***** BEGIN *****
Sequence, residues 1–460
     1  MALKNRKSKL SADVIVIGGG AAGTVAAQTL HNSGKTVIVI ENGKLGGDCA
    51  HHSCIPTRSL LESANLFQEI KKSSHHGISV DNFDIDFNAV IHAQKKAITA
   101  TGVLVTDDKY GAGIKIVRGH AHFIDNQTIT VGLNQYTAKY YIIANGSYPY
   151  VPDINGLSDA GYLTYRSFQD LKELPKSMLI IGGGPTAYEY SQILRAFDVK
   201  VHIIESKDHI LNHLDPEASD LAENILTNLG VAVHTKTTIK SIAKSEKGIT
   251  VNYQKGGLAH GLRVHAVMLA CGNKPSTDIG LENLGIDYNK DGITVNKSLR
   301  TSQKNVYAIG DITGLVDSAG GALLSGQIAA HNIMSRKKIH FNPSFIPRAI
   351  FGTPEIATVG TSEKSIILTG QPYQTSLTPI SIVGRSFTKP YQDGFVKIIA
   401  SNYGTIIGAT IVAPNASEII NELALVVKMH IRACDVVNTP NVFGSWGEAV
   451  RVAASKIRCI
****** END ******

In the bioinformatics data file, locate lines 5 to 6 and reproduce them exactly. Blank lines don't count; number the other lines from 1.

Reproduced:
   151  VPDINGLSDA GYLTYRSFQD LKELPKSMLI IGGGPTAYEY SQILRAFDVK
   201  VHIIESKDHI LNHLDPEASD LAENILTNLG VAVHTKTTIK SIAKSEKGIT